A few days of worry

The new year in winemaking has started and it was pretty much clear that the interesting phase for our natural wines is just about to begin. With the wines relaxing in the chilliest corner of our cellar (9°C/48°F) I expected them to ripen rather slowly. But we’ve reached a point where nobody can tell us what will happen from now on (as we’re expecting the impact of not adding SO2 to start playing a bigger role). There are a lot of great people helping and giving advice. But in the end it’s the combination of variety, grape quality, our specific soil and my style making it an experiment. 

My corner of the cellar

The last big question for me was how to deal with stirring the wine as it’s ripening in the barrels. I decided to not swirl following the advice of two natural winemakers I know. And it seems to have been the wrong decision. As you might have read Melanie and I did a tasting a bit more than a week ago noticing that the Silvaner not only turns brown after 90 minutes but starts tasting a lot like Sherry which is a scary indicator for oxidation. Last weekend I tasted again – not only from the barrel but also from one of the glass bowls (where I do store what didn’t fit in the barrel, you see them in the background of the image above). There was significant Sherry flavor as well so it was time to panic. Assuming that the maybe 20l where for the toilet I started getting really concerned about the rest of the wine. Which batch will oxidate next? Will it get worse or better over time? Do I have to give up (a bit) and add SO2 to save what’s left? I slept very badly for a few nights.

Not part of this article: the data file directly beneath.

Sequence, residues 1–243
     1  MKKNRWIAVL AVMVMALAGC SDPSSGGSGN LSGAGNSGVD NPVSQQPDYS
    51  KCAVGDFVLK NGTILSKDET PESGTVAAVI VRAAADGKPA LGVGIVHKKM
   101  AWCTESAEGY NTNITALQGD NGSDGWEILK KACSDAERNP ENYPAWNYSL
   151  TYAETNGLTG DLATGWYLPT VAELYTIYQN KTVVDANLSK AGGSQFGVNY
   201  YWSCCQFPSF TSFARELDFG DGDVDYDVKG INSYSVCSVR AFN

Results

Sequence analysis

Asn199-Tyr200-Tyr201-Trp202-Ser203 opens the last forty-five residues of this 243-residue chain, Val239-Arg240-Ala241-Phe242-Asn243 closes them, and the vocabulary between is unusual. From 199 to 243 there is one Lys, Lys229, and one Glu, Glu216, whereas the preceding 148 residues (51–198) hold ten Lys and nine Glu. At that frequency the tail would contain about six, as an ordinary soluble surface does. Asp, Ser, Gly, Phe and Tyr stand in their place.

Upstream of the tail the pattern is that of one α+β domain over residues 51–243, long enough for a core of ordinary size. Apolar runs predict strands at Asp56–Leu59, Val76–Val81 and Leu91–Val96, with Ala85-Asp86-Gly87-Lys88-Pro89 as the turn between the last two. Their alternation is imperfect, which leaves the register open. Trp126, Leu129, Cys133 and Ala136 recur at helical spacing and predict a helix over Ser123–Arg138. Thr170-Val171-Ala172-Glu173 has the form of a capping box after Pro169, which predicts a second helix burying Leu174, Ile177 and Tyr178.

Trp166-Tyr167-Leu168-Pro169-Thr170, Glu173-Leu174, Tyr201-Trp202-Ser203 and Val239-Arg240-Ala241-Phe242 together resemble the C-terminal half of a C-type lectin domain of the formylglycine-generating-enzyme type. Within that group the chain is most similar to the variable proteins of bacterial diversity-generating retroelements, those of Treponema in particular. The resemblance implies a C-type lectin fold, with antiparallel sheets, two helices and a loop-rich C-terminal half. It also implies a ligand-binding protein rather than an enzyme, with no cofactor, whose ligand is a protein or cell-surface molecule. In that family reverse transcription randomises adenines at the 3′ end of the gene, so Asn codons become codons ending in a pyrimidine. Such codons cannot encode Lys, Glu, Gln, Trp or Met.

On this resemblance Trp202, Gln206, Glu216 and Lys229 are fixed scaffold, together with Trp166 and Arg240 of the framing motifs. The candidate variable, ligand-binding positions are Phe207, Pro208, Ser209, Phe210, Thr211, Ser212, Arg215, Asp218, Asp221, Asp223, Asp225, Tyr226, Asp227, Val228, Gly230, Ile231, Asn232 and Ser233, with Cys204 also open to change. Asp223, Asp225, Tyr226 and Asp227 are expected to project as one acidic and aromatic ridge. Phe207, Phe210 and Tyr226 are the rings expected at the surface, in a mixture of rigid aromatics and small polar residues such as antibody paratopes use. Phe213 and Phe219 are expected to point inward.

I did write a note to our consultant Hermann Mengler asking him for advice. And besides specifying the amount of emergency SO2 to add he asked if stirring hadn’t helped at all. Which reminded me that I had decided not to stir. The same night I went down to the cellar and realized that it’s actually impossible to get the stirring device into the barrel as the ceiling is too low. So I just stirred the contaminated bowl leaving the rest of the problem for the next day. So last night I puled out all the barrels to the middle of the archway the barrels are standing in (the stirring device barely fits in there) and stirred the remaining bowls with a stick. Then I pulled samples again. And boom: the wine which I had almost poured away was fine again. The sample from the barrel I openly left in a glass for five hours became brown but the taste almost didn’t change – no Sherry. Phew.

So I think the lesson learned here was: this wine needs regular stirring and the barrels need to stand on fewer palettes. I sleep better again.

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